Himes' Greatest Hits

For years Jim Himes has said one thing but done another. Every two years he comes out from hiding, does his election year "I'm actually a moderate" routine to raise campaign cash, and then returns from whence he came – hiding under his desk while CT's resources get squandered for another two years in both DC and Hartford.

  

Hime's Hit No.  1

In the first two months of the 111th Congress (January 2009 et seq.) Himes voted to approve 1.2 trillion dollars in new spending: or about a billion dollars an hour over the first fifty days.  

 Hime's Hit No. 2

Feb 2009 - Himes voted for the Economic Stimulus bill, which included a loophole that allowed AIG executives to receive millions in bonuses after receiving federal assistance.

Hime's Hit No. 3

 2009 - Himes voted for the House version of the economic stimulus -- aimed at preventing a deepening financial crisis -- which provided for federal borrowing/spending for the following items: 

  • $50 million for the National Endowment for the Arts;
  • $600 million to purchase vehicles for government employees;
  • $400 million for localities to buy energy efficient buses;
  • $400 million to research global warming; and
  • The creation of thirty-two entirely new government programs

 

Coming Attractions:

-The ACA: "If you like your insurance you can keep it"..."this is great for CT.."
-The TPP: "I'm for it .... I'm against it .... I'm not sure ..."
- Iran Nuclear deal: supported it because it keeps nukes away from Iran for another "12 months ..."
-Syrian refugee screening: "horrible ..worse than 1939..." But votes for it.

 

8/22/16 - This Edition of Himes’ Greatest (Mis)Hits – aka “HIME'S HITS”

Fiscal 2016 Zika Response Appropriations – Passage - Vote Passed (241-184, 8 Not Voting) The bill provides $622 million in supplemental funds to activities to deal with the Zika virus including $503 million in domestic funding and $119 million in international funding — with the cost of that funding being fully offset. The measure rescinds $352 million originally allocated to fight the Ebola virus along with rescinding $270 million in Department of Health and Human Services administrative funding. Rep. Jim Himes voted NO

==========

IRS Hiring – Passage - Vote Passed (254-170, 9 Not Voting)The chamber passed a measure which prohibits the IRS from hiring any new employees until the Treasury Department certifies that no IRS worker has serious tax delinquencies. The measure defines such delinquency as an outstanding debt under the Internal Revenue Code for which a notice of lien has been filed in public records. Rep. Jim Himes voted NO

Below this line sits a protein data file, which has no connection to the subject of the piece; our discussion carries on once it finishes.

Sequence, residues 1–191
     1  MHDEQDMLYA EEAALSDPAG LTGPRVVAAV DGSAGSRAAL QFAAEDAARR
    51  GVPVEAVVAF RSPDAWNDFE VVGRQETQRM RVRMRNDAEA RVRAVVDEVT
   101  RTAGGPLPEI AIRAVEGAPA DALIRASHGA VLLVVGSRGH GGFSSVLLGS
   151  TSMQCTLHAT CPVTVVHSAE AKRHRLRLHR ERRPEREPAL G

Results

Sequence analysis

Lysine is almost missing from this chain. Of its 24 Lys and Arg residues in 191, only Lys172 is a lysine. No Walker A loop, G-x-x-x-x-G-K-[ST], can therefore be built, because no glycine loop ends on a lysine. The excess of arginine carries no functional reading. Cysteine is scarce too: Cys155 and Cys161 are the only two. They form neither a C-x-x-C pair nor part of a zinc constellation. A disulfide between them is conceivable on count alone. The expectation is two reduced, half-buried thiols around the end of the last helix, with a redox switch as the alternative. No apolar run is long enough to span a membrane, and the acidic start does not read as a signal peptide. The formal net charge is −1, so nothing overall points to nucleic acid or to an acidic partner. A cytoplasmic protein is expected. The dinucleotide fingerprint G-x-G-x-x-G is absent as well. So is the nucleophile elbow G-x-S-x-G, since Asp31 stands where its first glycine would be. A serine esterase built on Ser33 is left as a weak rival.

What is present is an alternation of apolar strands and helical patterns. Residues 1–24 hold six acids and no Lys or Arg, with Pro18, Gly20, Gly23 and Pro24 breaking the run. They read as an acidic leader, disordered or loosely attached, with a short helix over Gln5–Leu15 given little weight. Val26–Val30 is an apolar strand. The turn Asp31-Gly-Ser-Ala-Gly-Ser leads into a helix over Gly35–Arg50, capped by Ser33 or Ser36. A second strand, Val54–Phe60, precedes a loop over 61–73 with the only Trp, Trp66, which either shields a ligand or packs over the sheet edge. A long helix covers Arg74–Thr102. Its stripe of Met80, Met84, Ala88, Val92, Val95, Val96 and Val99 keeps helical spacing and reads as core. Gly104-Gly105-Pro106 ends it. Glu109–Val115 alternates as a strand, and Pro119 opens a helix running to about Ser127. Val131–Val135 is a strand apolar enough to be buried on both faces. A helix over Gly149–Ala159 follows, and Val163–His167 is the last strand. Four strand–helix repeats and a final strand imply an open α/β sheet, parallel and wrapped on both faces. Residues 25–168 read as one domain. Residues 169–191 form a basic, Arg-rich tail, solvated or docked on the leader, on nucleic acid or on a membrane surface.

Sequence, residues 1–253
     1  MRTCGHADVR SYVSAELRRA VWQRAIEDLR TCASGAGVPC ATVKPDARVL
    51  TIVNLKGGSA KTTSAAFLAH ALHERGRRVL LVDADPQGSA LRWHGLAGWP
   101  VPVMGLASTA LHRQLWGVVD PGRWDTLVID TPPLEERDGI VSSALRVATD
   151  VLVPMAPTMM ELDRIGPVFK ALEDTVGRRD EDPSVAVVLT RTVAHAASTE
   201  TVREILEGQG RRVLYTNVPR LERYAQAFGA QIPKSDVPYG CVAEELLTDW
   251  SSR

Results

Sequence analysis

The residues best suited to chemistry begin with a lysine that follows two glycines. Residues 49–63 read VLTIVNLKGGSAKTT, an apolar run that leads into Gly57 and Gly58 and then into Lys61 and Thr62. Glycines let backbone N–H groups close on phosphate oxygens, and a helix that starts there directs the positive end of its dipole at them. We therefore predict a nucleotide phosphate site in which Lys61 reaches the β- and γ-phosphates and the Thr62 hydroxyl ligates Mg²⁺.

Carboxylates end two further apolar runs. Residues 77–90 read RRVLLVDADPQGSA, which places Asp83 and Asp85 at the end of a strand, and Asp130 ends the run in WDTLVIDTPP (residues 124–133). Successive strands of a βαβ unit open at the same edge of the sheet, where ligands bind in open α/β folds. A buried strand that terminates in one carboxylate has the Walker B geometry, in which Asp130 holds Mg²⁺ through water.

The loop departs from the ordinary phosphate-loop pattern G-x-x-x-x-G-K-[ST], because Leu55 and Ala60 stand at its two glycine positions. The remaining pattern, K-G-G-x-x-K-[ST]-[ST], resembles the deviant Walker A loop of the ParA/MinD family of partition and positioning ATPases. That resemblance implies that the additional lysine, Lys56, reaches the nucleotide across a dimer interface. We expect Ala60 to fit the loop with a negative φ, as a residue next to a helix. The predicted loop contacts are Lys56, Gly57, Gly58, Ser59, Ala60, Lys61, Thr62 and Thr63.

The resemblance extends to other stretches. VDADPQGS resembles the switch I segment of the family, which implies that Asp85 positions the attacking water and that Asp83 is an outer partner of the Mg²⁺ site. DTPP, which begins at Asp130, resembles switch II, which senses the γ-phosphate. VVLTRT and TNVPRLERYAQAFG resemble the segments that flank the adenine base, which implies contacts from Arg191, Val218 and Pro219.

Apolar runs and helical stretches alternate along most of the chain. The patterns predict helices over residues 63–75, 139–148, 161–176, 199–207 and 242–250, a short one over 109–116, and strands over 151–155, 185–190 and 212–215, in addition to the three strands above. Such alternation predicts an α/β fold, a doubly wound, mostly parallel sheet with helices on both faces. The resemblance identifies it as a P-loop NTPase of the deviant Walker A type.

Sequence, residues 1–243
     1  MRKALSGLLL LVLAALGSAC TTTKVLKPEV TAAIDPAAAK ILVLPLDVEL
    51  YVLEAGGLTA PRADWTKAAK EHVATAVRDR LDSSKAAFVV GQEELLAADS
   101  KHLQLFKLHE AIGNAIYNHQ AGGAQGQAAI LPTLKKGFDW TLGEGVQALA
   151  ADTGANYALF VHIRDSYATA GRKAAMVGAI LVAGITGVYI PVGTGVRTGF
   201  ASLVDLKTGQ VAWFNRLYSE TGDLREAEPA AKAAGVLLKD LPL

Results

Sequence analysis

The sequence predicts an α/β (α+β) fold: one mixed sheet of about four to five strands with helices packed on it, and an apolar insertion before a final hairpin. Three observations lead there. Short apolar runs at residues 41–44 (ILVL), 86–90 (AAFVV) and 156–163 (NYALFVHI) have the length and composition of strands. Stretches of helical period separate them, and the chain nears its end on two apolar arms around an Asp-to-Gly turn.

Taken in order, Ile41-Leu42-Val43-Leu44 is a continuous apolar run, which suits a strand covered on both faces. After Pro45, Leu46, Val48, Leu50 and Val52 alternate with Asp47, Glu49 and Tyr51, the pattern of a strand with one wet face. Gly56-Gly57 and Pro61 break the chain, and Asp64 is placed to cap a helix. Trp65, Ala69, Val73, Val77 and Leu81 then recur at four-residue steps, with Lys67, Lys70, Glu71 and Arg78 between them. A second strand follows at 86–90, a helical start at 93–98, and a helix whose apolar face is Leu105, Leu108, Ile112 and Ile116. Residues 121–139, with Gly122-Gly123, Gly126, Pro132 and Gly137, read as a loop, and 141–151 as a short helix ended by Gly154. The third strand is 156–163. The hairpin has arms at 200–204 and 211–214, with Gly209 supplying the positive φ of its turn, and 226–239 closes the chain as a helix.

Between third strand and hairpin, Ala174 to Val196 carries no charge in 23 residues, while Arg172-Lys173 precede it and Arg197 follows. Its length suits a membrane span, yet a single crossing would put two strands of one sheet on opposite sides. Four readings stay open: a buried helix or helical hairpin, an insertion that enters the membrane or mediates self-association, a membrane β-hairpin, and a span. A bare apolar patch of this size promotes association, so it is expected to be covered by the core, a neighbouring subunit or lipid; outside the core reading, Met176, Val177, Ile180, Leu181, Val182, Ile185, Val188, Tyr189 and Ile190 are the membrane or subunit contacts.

IRS Oversight and User Fees - Passage - Vote Passed (245-179, 9 Not Voting)The House passed a bill which makes Internal Revenue Service spending of the user fees it collects subject to the annual appropriations process, thereby blocking the IRS from spending collected user fees unless Congress provides for such spending in appropriations acts. This restriction would apply to all IRS user fees collected after the date of enactment.Rep. Jim Himes voted NO

Bar IRS from Rehiring Certain Employees – Passage - Vote Passed (260-158, 15 Not Voting)The House passed a measure which prohibits the IRS from rehiring former employees who were previously removed or terminated for misconduct. It would apply with respect to any IRS employee removed at any time (before, on or after the date of enactment.) Rep. Jim Himes voted NO

 

Himes/Hits No. 8:  Greatest Legislative Achievement - DARWIN DAY!

Feb 2014:Reps. Rush Holt (D-N.J.), Jim Himes (D-Conn.) and Mike Honda (D-Calif.) offer  H.Res. 467, to make Feb. 12 "Darwin Day."  The bill sought to recognize Charles Darwin's contributions to science, but also dropped in some needless political/argumentative digs:

. . .

Whereas the advancement of science must be protected from those unconcerned with the adverse impacts of global warming and climate change;

Whereas the teaching of creationism in some public schools compromises the scientific and academic integrity of the United States education systems;

. . .

Cheap political stunts are a waste of time and resources.  Indeed, I believe in both evolution and that we must pursue balanced polices to address global climate change, but passive-aggressive resolutions do little to advance the cause.  Our federal representatives are taking unproductive pot shots at people with whom they disagree, while here at home our state is losing employers, population and opportunities.  We can do better, we must do better.